Math anchor charts are a fantastic tool for supporting student learning in K-2! Anchor charts are a fantastic way to make ‘thinking’ visible. This is a critical concept for young learners to make sense of learning and aid with retention.
The key component to the effective use of anchor charts is to involve the students in both the creation and consistent use of them.
First, start the lesson with a blank (or semi-blank chart see my previous blog post for Tips and Tricks) piece of chart paper for the base of your anchor chart. Then, proceed through the lesson for the objective, fill in the chart as you go, making your ‘thinking’ and the student’s ‘thinking’ visible on the chart with keywords and images. Finally, make use of the chart frequently.
Comparing Numbers Anchor Charts
I make the places for the numbers (the pink above) temporary. Sometimes I just use laminated index cards, so that I can just write and erase numbers on either side. In the past, I have just hung stikki clips in those spots so I (and students) can just slide random numbers in those areas when practicing. This neat little trick allows for that key component of interactive use! Read more about other comparing numbers activities I do.
For More Math Anchor Charts and Activities on Comparing Numbers Check Out the Following Links!
The Measured Mom has a free printable I used to ‘help’ create the chart above. It also includes a matching miniature version that would be great for a center too!
Place Value and Number Sense Anchor Charts for K-2 Math Lessons
This Number of the Day Math Anchor Chart for Kindergarten is a great way to continuously practice number recognition!
Remember the kids respond on their own sticky note (I have them put their initials on it) and place it in the correct place on the chart. This chart makes for a great warm-up activity in the mornings. It also is great for early finishers throughout the day! (this is when the initials come in handy!) I suggest laminating this one after creating it for durability. Depending on your group of students, I usually give each one of my students a block (or part of a block) of sticky notes once we’ve practiced how to ‘use’ them properly to keep in their seats. If they are not ‘ready’ to keep them at their seats, I keep a block of them near the chart for ease of access.
This chart is phenomenal for teaching place value to young learners! It makes for great continuous practice and it too works for centers as well! The teacher writes a number in the center, emphasizing the vocabulary, Standard Form. Students then use sticky notes to show the written form, expanded form, model form, and denoting the hundreds, tens, and ones.
There is so much students can learn from this single chart it really is phenomenal! It truly helps solidify those tricky repeated math vocabulary terms involving place value. Not to mention, it’s a fun way to practice it all! Kids love sticky notes and having their work displayed!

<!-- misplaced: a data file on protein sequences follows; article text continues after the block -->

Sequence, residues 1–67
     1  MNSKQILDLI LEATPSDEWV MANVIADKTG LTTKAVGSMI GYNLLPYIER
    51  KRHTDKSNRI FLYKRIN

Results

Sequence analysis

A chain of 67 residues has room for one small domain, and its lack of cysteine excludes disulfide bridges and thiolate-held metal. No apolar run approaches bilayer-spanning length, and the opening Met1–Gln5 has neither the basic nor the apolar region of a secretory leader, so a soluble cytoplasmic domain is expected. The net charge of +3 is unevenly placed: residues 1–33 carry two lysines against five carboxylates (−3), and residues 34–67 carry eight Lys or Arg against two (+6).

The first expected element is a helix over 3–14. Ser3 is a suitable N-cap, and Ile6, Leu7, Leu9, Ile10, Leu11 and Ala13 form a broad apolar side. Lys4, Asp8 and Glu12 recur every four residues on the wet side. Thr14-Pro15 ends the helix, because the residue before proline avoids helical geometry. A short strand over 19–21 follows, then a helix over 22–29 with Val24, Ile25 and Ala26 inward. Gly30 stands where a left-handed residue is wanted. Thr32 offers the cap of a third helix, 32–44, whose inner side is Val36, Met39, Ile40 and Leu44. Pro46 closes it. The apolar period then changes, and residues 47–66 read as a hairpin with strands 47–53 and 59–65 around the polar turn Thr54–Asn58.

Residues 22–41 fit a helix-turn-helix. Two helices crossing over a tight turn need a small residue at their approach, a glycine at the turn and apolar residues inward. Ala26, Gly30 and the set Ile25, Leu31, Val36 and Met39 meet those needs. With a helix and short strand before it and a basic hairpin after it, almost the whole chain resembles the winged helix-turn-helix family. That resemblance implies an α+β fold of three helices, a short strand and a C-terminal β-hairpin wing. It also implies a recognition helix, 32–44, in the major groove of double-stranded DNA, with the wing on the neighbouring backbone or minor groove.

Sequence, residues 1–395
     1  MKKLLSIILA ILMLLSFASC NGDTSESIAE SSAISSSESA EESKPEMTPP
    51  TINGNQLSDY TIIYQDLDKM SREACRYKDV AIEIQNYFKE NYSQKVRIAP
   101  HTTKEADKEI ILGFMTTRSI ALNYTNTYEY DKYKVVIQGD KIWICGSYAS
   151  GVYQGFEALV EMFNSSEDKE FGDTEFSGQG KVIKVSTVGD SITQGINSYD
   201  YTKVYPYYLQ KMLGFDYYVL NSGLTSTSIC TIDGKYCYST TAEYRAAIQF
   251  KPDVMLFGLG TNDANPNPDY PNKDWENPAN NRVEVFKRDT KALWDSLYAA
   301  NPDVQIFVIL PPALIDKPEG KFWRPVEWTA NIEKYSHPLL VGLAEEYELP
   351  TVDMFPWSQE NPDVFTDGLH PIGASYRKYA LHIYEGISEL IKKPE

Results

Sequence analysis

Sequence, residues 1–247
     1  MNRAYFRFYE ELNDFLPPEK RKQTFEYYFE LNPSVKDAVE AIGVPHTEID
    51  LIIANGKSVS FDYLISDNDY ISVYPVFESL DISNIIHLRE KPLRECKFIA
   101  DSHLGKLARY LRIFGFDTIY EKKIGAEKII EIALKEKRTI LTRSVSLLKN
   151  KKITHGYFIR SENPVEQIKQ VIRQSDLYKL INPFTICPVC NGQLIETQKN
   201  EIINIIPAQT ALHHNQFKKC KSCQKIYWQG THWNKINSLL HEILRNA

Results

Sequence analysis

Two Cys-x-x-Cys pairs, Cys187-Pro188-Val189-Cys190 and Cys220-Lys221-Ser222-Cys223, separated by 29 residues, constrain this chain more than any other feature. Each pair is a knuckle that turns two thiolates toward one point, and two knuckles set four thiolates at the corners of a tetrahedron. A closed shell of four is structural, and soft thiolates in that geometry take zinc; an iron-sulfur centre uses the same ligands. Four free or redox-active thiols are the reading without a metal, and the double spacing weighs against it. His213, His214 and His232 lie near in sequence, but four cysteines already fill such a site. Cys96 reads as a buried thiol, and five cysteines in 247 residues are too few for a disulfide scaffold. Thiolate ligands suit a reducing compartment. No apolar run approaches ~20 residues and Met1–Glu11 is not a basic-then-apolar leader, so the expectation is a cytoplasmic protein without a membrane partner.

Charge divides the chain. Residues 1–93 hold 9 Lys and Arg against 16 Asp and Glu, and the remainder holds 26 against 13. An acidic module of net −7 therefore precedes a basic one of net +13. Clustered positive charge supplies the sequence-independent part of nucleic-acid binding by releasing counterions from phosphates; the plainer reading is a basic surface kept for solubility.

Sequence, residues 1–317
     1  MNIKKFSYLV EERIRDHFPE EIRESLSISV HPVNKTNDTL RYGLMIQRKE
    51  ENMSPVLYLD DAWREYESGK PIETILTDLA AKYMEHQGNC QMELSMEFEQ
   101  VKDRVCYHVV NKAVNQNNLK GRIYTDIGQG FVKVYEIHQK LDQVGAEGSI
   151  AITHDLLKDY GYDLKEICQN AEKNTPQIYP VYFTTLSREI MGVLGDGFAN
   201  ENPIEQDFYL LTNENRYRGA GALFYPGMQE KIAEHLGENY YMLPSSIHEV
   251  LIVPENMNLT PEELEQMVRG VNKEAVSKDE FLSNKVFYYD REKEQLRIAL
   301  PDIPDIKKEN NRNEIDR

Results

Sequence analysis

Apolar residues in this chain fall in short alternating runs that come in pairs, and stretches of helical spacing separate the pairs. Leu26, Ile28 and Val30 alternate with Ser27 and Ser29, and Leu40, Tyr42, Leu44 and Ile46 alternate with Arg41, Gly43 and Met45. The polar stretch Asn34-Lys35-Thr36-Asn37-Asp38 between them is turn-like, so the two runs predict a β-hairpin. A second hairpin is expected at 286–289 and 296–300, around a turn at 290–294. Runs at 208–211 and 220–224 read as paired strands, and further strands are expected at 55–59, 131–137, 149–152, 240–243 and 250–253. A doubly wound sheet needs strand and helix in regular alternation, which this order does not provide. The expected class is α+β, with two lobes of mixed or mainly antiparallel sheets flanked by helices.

I also recommend laminating the above place value anchor chart as well after creation for durability for continuous use. I too make the center editable, if you forget like I did this one time, just place an index card, piece of paper, or sentence strip over it. It happens, we’re human, and there is no point in recreating it for a little ‘oopsie’! Again, you can use a laminated note card and dry erase marker to change up the number. Or if you leave it blank and laminate the entire chart you can write directly on it with a dry erase marker!
For More Math Anchor Charts on Teaching Place Value and Number Sense Check Out the Following Links!
Subtraction Strategies Anchor Charts for Kindergarten Math
I have discovered in my time teaching that ‘Subtraction’ tends to be ‘tricky’ for your learners. I have had more of a ‘need’ for subtraction anchor charts than addition. So for this reason I have chosen to emphasize subtraction in this post.
Subtraction with Regrouping (Borrowing) in Second Grade Math
This subtraction anchor chart is a ‘math’ lifesaver in 2nd Grade! Once students have this rhyme committed to memory regrouping (borrowing) becomes a breeze for blooming ‘mathematicians’! It’s always a huge leap when young learners make that leap into regrouping! This chart provides a much-needed ‘anchor’ for that next big step in math. I always have it visible in the classroom once we take the leap!
Need more room for responses on your anchor charts? A great trick I discovered is to add sentence strips to them! This provides extra space for students to attach their responses without covering up the strategy. To save space later I do remove the strips once we no longer require them for responses.
For More Math Anchor Charts for Teaching and Learning Subtraction Check Out the Following Links!
For more tips and tricks on creating and using anchor charts in the classroom check out my previous post Tips and Tricks for Creating Anchor Charts in the K-2 Classroom.
There are Amazon affiliate links in this post. As an affiliate, I do make a very small commission on purchases at no cost to you.
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